Just a while ago the first 4K 144 Hz monitors became available with the ASUS PG27UQ and Acer X27. These $2,000 monitors no longer force gamers to pick between high-refresh rate or high resolution, since they support 3840×2160 and refresh rates up to 144 Hz. However, reviews of early-adopters report a noticeable degradation in image quality when these monitors are running at 144 Hz. Surprisingly refresh rates of 120 Hz and below look perfectly sharp.
The underlying reason for that is the DisplayPort 1.4 interface, which provides 26 Gbits/s of bandwidth, just enough for full 4K at 120 Hz. So monitor vendors had to get creative to achieve the magic 144 Hz that they were shooting for. The solution comes from old television technology in form of chroma subsampling (YCbCr), which, in the case of these monitors, transmits the grayscale portion of the image at full resolution (3840×2160) and the color information at half the horizontal resolution (1920×2160).
This approach is called 4:2:2 and works particularly well for the movie industry, where it is pretty much standard to ship the post-processed content to cinemas and TV using subsampling of 4:2:0 or 4:1:1. For computer generated content like text and the operating system interface, chroma subsampling has a serious effect on quality, especially text-readability, which is why it is not used here at all. In games chroma sub-sampling might be an acceptable approach, with negligible quality effects on the 3D game world, and slightly loss of sharpness for the HUD.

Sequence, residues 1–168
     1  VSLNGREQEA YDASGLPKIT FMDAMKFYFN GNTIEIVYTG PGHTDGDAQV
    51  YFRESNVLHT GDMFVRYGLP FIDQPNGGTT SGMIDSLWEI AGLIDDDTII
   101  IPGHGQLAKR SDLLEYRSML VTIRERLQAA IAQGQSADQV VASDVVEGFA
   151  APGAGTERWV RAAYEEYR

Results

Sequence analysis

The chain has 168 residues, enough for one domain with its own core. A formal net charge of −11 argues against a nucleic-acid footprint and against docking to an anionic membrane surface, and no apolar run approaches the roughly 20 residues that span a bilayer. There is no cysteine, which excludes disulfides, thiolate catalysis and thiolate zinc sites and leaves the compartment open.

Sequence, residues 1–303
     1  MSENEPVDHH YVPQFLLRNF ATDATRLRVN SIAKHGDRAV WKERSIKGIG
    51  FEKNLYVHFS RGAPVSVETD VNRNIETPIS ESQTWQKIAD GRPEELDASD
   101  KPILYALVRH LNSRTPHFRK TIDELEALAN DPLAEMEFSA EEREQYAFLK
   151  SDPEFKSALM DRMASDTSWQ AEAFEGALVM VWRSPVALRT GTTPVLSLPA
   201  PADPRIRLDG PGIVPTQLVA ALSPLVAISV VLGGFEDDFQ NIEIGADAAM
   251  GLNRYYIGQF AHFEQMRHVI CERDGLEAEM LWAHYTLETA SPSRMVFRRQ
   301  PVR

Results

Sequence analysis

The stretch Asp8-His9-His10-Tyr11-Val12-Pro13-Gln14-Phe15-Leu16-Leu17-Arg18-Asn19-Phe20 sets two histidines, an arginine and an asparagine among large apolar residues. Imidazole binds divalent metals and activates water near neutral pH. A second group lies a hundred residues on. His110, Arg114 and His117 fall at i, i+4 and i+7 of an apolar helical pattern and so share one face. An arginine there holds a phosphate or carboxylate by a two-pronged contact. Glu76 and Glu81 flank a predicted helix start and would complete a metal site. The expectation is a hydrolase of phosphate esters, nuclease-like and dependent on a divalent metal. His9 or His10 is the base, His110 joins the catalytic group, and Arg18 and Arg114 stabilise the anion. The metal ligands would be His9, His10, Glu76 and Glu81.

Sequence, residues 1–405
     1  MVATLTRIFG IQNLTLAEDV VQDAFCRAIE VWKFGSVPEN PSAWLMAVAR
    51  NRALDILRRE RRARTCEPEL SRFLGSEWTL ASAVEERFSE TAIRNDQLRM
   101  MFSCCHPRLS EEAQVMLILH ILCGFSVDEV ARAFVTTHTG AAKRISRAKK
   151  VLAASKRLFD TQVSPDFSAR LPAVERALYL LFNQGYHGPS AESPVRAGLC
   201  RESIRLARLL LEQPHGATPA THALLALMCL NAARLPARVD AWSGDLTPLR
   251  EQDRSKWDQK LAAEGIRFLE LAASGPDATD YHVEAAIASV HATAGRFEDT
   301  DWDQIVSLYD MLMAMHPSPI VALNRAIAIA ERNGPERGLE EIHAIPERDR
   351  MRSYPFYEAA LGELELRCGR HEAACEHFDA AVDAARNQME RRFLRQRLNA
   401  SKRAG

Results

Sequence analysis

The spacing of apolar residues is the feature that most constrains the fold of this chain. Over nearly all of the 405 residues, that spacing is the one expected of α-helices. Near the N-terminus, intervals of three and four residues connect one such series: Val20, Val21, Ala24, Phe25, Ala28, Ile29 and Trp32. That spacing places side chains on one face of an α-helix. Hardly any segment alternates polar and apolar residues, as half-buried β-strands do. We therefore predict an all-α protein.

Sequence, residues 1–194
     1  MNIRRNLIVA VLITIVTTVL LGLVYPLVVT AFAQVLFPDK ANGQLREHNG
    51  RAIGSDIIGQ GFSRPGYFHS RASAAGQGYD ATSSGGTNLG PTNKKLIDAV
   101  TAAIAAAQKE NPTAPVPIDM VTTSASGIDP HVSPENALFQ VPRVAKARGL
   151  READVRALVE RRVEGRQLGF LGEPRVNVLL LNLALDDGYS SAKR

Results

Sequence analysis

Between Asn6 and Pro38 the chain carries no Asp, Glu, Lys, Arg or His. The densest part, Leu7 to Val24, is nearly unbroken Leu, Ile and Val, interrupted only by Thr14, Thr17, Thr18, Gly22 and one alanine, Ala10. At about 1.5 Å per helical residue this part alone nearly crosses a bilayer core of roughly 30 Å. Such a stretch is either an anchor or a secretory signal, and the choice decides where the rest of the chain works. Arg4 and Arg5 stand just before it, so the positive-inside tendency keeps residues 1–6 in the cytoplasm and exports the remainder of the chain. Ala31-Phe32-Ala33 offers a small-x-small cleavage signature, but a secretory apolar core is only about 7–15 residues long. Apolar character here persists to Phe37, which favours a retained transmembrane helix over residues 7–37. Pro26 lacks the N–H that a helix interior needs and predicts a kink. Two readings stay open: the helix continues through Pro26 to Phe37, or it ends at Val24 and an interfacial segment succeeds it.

The images below describe how chroma subsampling works and how it affects image quality. Note how high-contrast edges look noticeably worse while low-constrast surfaces look nearly identical.
Considering that gamers have been demanding 144 Hz on their 4K monitors for quite a while, and NVIDIA has been pushing for it, too, I’m not surprised that monitor vendors simply went with this compromise. The bigger issue here is that they have been completely quiet about this and make no mention about it in their specification documents.
Technical solutions that can avoid subsampling include HDMI 2.1 and DisplayPort’s DSC data compression scheme. HDMI 2.1, was just specified in December last year, so controller vendors are just figuring out how to implement it, which means it is still far away from getting used in actual monitors. DisplayPort 1.4 introduced DSC (Display Stream Compression), which is particularly optimized for this task. Even though it is not completely lossless compression, its quality is much better than chroma subsampling. The issue here seems that not a lot of display controller support exists for DSC at this time.
Given that there is not a lot of difference between 120 Hz and 144 Hz gaming, the best approach to get highest visual quality is to run these monitors at up to 120 Hz only, where they will send the full unmodified RGB image over the wire. Source: Reddit